Knowledge about the autism spectrum is a slow-moving train, but in recent years one couple has found a way to provide individuals with autism and Asperger syndrome a support group they can count on – Autism Empowerment.
Founded through a grassroots effort in 2011 by John and Karen Krejcha in Vancouver, Washington, they were inspired by their sons who were both diagnosed with autism and Asperger syndrome. Karen also has Asperger syndrome and noticed that there was a lack of positive, uplifting resources available to both autistic people and their families. After they attended various meetings, they found that most of the messaging put out by organizations had a “doom and gloom,” attitude, and affected the self-esteem and motivation of autistic people to take on leadership roles. They decided it was time for a different kind of non-profit, one made for autistic people by autistic people.
“We believe that in order to effectively empower the autism community, we must include autistic members of our community in decision-making and key roles,” Karen said. “We embody the notion of ‘Nothing About Us Without Us.’”
Spectrum Life Magazine
Autism Empowerment runs a publication called Spectrum Life Magazine (previously known as Spectrums Magazine), which was originally founded by Courtney Freitag, a mom to a son on the autism spectrum. When she needed to step away from the magazine in 2016 for family reasons, she approached John and Karen to see if they could keep running it under their non-profit. The first issue of Spectrums Magazine published under Autism Empowerment was in the summer of 2016 and has been released quarterly ever since.
“We want readers to know that Autism Empowerment aims to serve all ages and abilities throughout the lifespan,” Karen said. “It will take some time but we’re a passionate bunch and when we put our mind to something, we find a way.”
In addition to the magazine, there is a supplemental website called Spectrum Life, which releases additional blog posts, podcasts, videos, articles, creative arts and a resource directory for the Southwest Washington and Portland area.
Alongside the publication and website, Autism Empowerment runs Autism Rocks, a creative project started by Imani Chapin in 2016, a junior at Union High School in Camas, WA. The program encourages volunteerism and service to others, while individuals can paint rocks and hide them for others to find. Imani said that you don’t have to be a Monet to participate, but that the positive messaging about autism is what is most important.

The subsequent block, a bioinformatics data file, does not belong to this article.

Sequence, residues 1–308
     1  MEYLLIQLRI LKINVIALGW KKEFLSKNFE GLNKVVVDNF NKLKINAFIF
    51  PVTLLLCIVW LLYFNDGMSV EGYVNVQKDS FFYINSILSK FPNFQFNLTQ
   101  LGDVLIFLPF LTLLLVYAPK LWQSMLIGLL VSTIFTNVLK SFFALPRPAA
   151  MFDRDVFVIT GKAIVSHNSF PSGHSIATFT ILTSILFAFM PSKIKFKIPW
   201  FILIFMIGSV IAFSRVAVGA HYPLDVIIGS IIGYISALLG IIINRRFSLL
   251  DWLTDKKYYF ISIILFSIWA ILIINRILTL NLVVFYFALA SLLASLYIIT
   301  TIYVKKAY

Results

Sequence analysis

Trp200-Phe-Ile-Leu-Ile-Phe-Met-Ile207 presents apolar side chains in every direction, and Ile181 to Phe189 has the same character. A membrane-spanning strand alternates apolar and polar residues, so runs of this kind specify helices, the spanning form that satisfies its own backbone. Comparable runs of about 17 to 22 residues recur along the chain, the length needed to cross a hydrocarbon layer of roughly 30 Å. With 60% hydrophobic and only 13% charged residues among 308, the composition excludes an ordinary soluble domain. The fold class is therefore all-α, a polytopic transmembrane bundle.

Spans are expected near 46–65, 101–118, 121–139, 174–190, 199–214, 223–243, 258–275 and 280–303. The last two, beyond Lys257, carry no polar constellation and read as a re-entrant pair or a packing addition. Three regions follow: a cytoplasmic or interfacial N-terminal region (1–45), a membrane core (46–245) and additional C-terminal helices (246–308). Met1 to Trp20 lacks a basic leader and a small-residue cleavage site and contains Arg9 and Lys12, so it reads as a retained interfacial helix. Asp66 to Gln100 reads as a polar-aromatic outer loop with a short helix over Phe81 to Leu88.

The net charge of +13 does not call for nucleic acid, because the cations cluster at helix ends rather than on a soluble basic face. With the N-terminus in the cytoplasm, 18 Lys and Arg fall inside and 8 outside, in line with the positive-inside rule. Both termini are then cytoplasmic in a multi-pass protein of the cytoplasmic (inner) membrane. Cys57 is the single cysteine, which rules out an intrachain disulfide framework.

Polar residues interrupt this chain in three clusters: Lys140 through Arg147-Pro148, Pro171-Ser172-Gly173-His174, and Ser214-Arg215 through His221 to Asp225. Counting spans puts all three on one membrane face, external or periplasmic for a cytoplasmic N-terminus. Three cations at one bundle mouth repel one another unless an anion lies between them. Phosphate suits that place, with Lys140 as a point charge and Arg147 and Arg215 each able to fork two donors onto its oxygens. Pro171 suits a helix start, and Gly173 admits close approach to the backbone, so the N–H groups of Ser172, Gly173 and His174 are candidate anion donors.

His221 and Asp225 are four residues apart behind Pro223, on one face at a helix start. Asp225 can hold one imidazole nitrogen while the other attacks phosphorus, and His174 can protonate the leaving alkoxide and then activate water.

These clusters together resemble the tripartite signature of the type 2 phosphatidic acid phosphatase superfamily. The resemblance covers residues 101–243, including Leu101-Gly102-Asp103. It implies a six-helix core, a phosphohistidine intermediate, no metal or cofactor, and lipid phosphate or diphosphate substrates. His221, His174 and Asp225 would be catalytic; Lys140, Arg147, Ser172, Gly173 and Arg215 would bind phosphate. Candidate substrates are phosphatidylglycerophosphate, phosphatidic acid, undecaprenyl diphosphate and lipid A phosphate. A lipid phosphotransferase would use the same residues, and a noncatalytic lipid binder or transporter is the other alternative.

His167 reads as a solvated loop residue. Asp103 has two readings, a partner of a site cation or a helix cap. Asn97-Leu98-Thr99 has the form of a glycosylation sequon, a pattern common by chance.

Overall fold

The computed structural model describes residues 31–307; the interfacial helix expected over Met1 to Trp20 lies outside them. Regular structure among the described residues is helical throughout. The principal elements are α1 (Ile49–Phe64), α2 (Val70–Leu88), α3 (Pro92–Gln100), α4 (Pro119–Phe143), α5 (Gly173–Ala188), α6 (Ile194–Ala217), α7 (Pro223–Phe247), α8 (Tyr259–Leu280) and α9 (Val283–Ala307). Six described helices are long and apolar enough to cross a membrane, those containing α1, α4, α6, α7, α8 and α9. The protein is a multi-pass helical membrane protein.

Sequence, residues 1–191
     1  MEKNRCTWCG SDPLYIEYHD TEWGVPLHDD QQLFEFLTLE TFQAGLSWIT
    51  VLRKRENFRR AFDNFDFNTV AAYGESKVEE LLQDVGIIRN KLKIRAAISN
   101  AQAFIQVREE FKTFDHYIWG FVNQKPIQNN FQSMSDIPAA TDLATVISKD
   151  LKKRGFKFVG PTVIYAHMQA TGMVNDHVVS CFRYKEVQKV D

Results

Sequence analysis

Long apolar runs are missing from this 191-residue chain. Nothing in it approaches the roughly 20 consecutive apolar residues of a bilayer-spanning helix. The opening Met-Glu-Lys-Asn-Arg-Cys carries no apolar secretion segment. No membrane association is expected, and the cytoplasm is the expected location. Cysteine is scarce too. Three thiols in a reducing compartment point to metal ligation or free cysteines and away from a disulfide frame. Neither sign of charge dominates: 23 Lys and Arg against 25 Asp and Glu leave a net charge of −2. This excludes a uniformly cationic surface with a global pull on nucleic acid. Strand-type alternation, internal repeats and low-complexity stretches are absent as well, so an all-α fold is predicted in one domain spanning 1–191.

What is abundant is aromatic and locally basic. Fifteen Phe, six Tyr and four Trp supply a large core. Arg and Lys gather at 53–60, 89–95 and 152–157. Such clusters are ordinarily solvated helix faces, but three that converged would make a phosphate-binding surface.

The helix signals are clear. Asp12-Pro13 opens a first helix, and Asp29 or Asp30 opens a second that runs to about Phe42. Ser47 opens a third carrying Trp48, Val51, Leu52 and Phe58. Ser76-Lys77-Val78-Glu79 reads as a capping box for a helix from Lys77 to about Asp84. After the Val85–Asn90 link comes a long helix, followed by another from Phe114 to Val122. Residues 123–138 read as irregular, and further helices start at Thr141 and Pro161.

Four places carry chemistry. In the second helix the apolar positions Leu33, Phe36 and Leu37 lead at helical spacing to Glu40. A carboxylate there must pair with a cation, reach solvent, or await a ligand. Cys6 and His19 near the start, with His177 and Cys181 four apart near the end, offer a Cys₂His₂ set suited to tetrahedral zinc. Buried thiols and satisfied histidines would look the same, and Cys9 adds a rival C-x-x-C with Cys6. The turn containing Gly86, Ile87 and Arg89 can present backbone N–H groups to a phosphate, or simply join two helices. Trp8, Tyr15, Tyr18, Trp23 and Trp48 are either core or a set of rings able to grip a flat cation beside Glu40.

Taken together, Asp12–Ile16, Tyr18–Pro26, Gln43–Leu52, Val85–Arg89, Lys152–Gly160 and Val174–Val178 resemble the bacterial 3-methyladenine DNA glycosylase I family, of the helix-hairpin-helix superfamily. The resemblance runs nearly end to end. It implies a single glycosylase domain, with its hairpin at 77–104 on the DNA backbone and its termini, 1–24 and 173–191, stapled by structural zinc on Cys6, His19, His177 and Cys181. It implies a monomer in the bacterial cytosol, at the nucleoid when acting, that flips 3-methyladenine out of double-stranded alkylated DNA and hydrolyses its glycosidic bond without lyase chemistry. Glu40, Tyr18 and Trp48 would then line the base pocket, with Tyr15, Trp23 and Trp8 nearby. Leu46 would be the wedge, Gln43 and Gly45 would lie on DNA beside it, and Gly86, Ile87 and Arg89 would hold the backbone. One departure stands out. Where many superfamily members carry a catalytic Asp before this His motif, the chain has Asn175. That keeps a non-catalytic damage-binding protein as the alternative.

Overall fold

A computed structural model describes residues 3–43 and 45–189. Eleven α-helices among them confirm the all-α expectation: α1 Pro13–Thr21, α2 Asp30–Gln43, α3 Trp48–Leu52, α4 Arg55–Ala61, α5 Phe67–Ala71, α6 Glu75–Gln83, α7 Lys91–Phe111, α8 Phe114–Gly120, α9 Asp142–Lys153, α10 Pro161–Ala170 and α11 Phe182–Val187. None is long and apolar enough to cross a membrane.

“One of the greatest things about Autism Rocks is that it can give each member of the family jobs to do and everybody can contribute, no matter what a person’s ability is,” Imani said. “When I find a painted rock, I’m not looking for perfection. I’m just happy to see people are enjoying art, just like me.”
Support for Adults on the Autism Spectrum
Autism Empowerment also runs a support group at Stephen’s Place, where adults on the autism spectrum can meet to socialize and discuss life. They meet on the second Friday of each month and the group has grown so much since they started the group in 2014. Karen says that it’s normal for attendees to feel nervous at first, but that the end result is rewarding.
“Expect to be nervous and expect that the person across the table is probably anxious too,” Karen said. “The interesting thing is that oftentimes once people realize that they are among their ‘tribe’ or folks that ‘get them,’ they are able to relax, laugh and let down their guard.”
Autism Empowerment Programs
All of the programs Autism Empowerment provides are a part of John and Karen’s vision to educate the public about the autism spectrum through positive messaging and involvement from within. Karen says that there is no one-size-fits-all treatment and autism acceptance doesn’t mean stagnation.
“We accept who we are, where we are at but we are always striving to help empower people to live the best quality life possible,” Karen said. “We believe each of us is a lifelong learner with gifts to share that can inspire others and make our world a better place.”
“As human beings, we should strive for all humans to have their health needs met, whether that be mental, physical, emotional, educational, financial or spiritual,” Karen said. “When I speak to groups, I like to say that some of us are on the autism spectrum but all of us are on the human spectrum and we have many more things in common than are different.”
If you’d like to find out more about Autism Empowerment or any of the programs they are involved with, visit their website at www.autismempowerment.org.